People who use drugs

Jessica Bridgeman has worked as close to the opioid crisis as anyone could — she and her colleagues quite literally helped to write the manual on harm reduction for frontline staff to follow. 

Bridgeman, a regional harm reduction co-ordinator with the Interior Health Authority, has been on the "frontlines," so to speak, for almost a decade. 

"I think there are a lot of good fights to be fought out there. This is the one I have chosen to work in. It just calls to me. I think it matters. I believe that people have rights and there are good people out there." 

On the front page of the "Guide to Harm Reduction" manual are words like compassion, dignity and respect — terms not always associated with people who use drugs. 

"Society has a long history of understanding addiction in a moral sense," she says. "I think we are getting our message out. We are actively working towards destigmatizing a lot of what is going on."

Bridgeman, her colleagues and her counterparts across the province have been pushing for communities to adopt a mentality that supports the belief that just because somebody uses or is addicted to drugs, doesn't mean they are a bad person — Drugs and addiction do not discriminate.
Tolerance plays a role, she says.

"Hopefully, some of the rhetoric on social media is from the minority, but we know that it is not helpful," explains Bridgeman, when asked her views on shaming tactics used on social media. 

"Pointing out and highlighting some of these tragic experiences, (on social media) or the spaces in which some of these people are living reinforces this idea that you have to hit rock bottom," says Bridgman. "It doesn't contribute to a solution. If that worked, we wouldn't see the problem anymore."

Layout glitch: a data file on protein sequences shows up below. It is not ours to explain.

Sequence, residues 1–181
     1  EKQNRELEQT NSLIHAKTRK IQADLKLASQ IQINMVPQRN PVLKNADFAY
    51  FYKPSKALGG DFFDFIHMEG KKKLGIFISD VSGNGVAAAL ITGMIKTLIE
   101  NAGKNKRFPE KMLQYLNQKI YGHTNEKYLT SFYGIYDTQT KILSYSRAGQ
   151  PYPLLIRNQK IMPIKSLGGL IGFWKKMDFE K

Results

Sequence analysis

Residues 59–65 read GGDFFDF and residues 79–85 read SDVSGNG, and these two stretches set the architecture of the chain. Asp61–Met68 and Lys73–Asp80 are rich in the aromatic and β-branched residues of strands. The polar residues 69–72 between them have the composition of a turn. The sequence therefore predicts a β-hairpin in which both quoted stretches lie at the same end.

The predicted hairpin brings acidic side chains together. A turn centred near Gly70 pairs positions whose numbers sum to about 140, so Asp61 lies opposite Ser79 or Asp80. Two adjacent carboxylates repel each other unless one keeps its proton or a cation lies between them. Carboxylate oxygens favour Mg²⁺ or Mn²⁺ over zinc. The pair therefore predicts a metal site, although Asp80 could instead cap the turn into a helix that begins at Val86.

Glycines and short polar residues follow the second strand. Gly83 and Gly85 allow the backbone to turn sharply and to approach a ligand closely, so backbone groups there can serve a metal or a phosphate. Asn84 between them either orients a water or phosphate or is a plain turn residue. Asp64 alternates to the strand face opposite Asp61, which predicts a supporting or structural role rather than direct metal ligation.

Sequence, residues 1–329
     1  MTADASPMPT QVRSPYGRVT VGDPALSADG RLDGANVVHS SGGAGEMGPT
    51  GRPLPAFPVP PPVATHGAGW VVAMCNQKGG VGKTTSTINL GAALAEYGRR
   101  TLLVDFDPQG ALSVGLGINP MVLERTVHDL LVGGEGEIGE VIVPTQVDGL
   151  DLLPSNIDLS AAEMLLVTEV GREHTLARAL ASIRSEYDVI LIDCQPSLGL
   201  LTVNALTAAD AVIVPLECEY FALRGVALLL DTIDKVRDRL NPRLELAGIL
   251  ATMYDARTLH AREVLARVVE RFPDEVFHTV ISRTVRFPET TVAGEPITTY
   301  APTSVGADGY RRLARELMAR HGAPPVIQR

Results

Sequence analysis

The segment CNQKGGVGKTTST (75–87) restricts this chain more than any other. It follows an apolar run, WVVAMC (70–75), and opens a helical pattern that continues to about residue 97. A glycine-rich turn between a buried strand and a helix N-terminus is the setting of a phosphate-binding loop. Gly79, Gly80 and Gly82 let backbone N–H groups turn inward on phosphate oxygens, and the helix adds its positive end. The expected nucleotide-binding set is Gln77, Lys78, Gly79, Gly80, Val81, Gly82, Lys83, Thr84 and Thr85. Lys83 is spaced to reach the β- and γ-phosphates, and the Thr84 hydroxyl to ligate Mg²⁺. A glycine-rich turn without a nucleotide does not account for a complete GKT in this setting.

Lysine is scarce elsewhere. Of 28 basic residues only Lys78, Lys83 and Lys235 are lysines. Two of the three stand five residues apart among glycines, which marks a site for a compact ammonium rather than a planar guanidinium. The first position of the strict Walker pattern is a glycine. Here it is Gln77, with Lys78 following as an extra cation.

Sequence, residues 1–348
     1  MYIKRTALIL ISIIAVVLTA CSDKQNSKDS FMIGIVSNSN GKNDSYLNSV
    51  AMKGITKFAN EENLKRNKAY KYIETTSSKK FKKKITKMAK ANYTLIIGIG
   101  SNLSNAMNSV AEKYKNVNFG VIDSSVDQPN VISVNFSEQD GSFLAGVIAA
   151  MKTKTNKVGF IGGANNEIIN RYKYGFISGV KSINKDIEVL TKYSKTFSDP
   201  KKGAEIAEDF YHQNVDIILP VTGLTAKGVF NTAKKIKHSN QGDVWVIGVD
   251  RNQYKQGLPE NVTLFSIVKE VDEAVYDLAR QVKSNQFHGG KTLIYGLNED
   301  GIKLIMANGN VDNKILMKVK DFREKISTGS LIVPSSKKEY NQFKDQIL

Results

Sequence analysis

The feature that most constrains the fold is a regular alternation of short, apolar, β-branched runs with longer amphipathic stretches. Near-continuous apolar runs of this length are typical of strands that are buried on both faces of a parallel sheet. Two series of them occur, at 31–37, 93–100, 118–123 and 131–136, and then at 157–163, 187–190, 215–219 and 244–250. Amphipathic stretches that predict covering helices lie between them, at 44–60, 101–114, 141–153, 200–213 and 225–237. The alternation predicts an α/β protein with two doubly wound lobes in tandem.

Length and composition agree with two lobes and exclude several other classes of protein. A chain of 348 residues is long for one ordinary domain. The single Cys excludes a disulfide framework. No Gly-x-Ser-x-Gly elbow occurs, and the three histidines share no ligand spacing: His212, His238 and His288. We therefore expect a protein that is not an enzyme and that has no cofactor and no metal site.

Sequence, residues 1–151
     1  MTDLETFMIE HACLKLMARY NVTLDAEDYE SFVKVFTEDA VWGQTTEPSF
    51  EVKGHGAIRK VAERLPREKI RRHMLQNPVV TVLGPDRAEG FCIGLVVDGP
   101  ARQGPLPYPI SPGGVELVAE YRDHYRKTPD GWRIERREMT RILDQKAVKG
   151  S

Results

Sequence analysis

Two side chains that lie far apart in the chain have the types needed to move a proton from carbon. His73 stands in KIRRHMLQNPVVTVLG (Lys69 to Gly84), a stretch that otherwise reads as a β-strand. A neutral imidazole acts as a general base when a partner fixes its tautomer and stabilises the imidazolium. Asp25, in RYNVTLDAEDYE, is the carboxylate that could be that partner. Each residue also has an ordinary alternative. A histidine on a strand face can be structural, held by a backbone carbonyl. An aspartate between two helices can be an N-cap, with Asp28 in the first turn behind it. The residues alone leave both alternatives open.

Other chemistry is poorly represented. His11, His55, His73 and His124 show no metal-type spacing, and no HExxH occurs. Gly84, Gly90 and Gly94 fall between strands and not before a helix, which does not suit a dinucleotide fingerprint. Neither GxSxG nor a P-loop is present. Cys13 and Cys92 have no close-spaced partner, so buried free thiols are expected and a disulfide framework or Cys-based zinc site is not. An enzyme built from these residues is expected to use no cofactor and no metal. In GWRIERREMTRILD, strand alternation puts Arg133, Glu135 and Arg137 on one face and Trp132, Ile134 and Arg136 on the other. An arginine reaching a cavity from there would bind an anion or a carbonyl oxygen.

The fact is, the shaming tactics further stigmatize and dehumanize those who use drugs and those with addictions to drugs, pushing them further into the dark.

"We know that using in isolation is incredibly risky. If you are using alone, your risk right now of death is very high," says Bridgeman. 

According to the BC Coroners Service, In 2017 more than 1,430 people died from illicit drug overdoses. Roughly 90 per cent of those deaths occurred while inside, the majority were men and many were found alone.

Bridgeman provides an example of how public shaming hurts harm reduction efforts. 

"If I was an individual who was a part of some of the social media groups, public conversations and forums that exist right now, and I was using in isolation, and I saw my colleagues, my friends, my boss, even family members sharing thoughts on social media in such an open way that is not supportive, I am not very likely to come out and share." 

Bridgeman added, "If I am being talked about in a negative way, that is not increasing the likelihood of me actually saying, I am somebody who uses substances, or I am somebody who uses in a problematic way, I need help." 

As a society, we all have a role to play in lifting the stigma around this subject, that includes the mainstream media.

The terminology and photos used by media can reinforce a false narrative.

Bridgeman says instead of saying "drug users", the term should be "people/person who use drug" and use pictures that depict the crisis more accurately:

  • cocaine on a neatly organized office desk
  • a young man on a sofa at a house party, head bowed seemingly sleeping
  • a small bag of powder next to a teenager’s text book

For most people, it is difficult to make sense of an issue like drug addiction, especially in the light of so many overdose deaths in recent years. 

In a perfect world, Bridgeman says people would try and understand the issue in a proactive way, not a reactive one. 

"Dialogue about a certain issue — in this case substance use — would include people with lived experience. Where all parties involved who are negatively affected, positively affected or otherwise not affected at all, are at the table to listen and learn from one another," she says.

What are the complex factors that lead people to a variety of different substance abuse experiences?